Should You Hire A Running Coach?

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  • Published Jun 30, 2011
  • Updated Oct 24, 2012 at 4:20 PM UTC

Runners often hit plateaus in their training. Despite efforts to get faster, they clock in at the same speed and cross the finish line without a PR. If you are at that stage, you may already be contemplating hiring a running coach, but is it worth it?

Elite coach Jim Vance discussed the purpose and benefits of hiring a running coach so you can make an informed decision. What purpose does a running coach serve?

A running coach may be what you need to take your pefromance to the next level. Photo: John Segesta

Vance: There are a number of purposes a run coach can serve. A coach can do anything from simply providing technical analysis of the run gait of the athlete to designing training programs that address the weaknesses of the runner, and how to improve those weaknesses towards a performance or goal event. Run training is high-impact, high-risk—so it’s important for athletes to plan their training in a way that keeps them improving and injury-free. I have also helped athletes analyze their training from the past season by reviewing run-training files, with speed and distance info gathered from technical gadgets such as a Garmin or Polar. With this data, we can review what the athletes did right, where they made mistakes, possible injury developments and more. What questions should someone should ask a running coach before hiring him or her?

Vance: What are the athlete’s goals? These are the first and most important things to consider. When athletes specifically know what they want, finding someone to help them with these specific goals becomes easier. Some just want a group to train with; others want specific guidance based on their goals and race schedule. After knowing this, the athlete can address each coach, asking questions such as “How will you help me achieve these goals?” What are the benefits and negatives to training with a running coach in a group?

Vance: The benefits are that you can usually find plenty of people to push you, and probably see some technically excellent runners. Motivation to attend a practice where you’re expected to be is always helpful, and the social aspects make it fun as well. The downside can be that a group may not be training specific to your goals. If the group is doing hard intervals on a track and training for a 5K, and you want to do a marathon, then there is little help the group will provide, and perhaps can cause injury to the athlete. What are the benefits and negatives to training with a running coach one on one?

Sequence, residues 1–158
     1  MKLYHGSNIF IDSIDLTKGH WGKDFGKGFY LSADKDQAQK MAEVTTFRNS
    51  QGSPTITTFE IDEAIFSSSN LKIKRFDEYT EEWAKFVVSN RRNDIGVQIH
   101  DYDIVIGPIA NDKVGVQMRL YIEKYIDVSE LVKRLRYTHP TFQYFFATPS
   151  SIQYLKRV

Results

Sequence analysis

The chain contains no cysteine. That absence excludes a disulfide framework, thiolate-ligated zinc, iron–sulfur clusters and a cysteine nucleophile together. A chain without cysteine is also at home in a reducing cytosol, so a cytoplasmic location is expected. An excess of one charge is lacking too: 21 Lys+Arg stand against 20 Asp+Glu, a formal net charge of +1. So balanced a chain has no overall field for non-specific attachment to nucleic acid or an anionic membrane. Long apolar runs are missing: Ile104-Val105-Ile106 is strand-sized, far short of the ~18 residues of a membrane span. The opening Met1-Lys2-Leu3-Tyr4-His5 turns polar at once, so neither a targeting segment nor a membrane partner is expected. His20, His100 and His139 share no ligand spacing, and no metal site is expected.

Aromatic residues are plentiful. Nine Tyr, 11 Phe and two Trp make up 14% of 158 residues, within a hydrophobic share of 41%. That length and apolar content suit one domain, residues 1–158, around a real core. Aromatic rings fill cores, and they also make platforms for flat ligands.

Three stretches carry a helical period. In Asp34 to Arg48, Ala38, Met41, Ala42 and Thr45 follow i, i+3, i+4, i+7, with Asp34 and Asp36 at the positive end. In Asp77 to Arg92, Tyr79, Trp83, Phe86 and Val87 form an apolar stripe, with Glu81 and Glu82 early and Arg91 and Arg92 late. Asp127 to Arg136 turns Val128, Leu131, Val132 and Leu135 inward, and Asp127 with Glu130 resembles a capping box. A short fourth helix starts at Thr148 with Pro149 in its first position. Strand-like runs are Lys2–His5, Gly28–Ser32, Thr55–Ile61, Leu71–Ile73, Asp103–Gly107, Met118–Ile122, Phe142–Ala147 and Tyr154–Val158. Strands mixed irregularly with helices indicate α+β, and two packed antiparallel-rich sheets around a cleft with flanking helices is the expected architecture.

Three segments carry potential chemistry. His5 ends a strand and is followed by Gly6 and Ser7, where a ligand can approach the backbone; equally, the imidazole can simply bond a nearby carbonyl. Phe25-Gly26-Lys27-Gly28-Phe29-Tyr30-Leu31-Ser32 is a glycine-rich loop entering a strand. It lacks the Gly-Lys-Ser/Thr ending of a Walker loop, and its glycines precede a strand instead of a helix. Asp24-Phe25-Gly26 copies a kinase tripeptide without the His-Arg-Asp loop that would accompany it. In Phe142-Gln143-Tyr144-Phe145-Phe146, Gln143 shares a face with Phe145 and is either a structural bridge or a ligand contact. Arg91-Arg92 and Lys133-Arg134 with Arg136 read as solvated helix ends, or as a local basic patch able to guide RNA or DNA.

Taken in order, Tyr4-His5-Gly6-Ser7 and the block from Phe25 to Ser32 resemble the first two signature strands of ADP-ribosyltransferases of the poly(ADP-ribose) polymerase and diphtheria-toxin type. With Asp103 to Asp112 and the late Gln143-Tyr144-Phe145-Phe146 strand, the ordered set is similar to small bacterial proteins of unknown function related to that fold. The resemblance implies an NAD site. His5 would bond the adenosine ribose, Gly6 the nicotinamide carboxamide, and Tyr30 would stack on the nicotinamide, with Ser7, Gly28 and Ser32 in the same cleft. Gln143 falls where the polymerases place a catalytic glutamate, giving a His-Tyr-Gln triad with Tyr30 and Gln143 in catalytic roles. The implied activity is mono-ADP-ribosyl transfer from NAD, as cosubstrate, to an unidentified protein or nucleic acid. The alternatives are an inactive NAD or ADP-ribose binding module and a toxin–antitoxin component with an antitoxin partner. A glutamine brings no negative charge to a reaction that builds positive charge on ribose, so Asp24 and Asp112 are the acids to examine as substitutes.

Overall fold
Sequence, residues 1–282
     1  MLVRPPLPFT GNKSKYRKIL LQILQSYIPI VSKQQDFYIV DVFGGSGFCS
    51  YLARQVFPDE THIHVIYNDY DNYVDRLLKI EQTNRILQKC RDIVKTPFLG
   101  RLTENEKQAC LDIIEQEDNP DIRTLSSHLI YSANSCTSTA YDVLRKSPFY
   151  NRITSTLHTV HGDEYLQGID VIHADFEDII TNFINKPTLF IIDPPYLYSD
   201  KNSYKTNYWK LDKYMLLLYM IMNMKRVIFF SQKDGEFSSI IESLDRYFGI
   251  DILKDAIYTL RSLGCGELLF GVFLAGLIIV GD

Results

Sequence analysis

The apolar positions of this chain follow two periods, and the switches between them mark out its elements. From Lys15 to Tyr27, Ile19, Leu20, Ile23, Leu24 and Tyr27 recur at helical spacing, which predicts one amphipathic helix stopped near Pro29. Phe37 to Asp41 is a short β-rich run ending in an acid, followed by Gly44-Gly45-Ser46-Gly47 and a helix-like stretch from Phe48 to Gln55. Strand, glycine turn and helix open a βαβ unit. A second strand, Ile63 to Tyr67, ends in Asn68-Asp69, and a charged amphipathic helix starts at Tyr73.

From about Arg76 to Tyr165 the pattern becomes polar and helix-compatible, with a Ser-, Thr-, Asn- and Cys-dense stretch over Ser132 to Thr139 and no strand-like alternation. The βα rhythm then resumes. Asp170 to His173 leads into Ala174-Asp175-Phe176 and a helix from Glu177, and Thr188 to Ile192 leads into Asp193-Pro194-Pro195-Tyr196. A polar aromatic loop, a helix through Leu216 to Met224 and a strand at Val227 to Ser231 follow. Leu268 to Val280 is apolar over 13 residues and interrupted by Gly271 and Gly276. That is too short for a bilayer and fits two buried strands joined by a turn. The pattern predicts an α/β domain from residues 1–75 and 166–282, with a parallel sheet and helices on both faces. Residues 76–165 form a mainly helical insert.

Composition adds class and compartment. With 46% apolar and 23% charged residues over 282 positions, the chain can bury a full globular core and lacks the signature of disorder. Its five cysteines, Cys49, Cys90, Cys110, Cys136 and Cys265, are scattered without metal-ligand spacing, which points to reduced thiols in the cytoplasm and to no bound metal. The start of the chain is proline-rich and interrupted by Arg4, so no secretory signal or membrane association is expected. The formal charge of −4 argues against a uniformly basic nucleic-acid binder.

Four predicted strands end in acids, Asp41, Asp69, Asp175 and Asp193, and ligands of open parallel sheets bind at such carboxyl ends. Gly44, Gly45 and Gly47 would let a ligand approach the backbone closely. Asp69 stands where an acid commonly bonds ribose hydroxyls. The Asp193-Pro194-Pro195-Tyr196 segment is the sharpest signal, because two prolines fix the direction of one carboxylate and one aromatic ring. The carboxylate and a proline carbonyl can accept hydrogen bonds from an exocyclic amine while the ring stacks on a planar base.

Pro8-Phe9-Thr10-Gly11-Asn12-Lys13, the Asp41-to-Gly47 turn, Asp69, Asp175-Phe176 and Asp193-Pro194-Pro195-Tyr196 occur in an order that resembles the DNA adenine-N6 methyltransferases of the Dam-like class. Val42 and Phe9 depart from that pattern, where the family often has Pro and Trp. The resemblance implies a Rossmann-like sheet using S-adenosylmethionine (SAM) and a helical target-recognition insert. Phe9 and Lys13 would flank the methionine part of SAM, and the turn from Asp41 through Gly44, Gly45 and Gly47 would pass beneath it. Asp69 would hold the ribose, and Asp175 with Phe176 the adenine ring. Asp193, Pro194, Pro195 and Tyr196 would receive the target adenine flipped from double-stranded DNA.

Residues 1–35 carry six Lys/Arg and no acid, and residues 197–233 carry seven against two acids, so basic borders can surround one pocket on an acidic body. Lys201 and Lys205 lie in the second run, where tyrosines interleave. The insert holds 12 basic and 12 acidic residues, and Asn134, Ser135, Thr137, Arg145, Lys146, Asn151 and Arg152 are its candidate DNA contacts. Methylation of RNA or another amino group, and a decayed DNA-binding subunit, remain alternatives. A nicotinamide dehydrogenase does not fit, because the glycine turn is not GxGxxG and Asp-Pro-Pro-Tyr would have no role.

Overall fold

Vance: An athlete can get specific attention, and real-time feedback and analysis of how they are doing. A coach on-site can also help to make sure the workout goes exactly as planned, with the correct recovery periods, and completing the workout according to the goals. Sometimes a coach can also be the objective voice of reason, and tell an athlete to stop when they clearly are pushing themselves to a point of injury, trying to perhaps finish a workout despite running with a limp or other injury. The negative aspect is that this requires a lot of motivation for the athlete, and because it is one-on-one time, it is usually expensive to hire a coach for that much individual attention. Now you’ve hired the coach and are in training, what feedback should someone be getting from his or her running coach?

Vance: Communication is a two-way street. If the athlete isn’t providing feedback to the coach, it is hard for the coach to give feedback of any value to assess the training. One of the big things I do is ask that all my athletes give me the data from a device, which helps me see objectively how the athletes are progressing in their training. I also ask for feedback on the mental side, and see how they are perceiving the training, if any nicks or injuries are starting to develop, etc. This allows me to adjust the training as well. What is the most important tip you could give someone looking to hire a running coach?

Vance: Have a long-term approach, and trust them enough to follow what they tell you. If you aren’t willing to be flexible in your approach to the training, then no coach will be successful working with you. A lot of athletes think they want a coach, but as soon as a coach has them break away from what they’re used to doing, they rebel and want to stick with what they’re used to, even though they are frustrated with the results. It’s almost like they are afraid of change, and simply want to get better results off past, ineffective training methods. If you want to really maximize your learning, trust them and follow their plan to a T.

Vance is an Elite Coach for Training Bible Coaching, Level 2 USAT certified and former elite triathlete. He also started a junior tri program, Tri Juniors, focused on draft-legal racing. He is based in San Diego, Calif. He is a former four-year letter winner in track and cross country for the University of Nebraska. You can follow his coaching blog at

FILED UNDER: Run / Training

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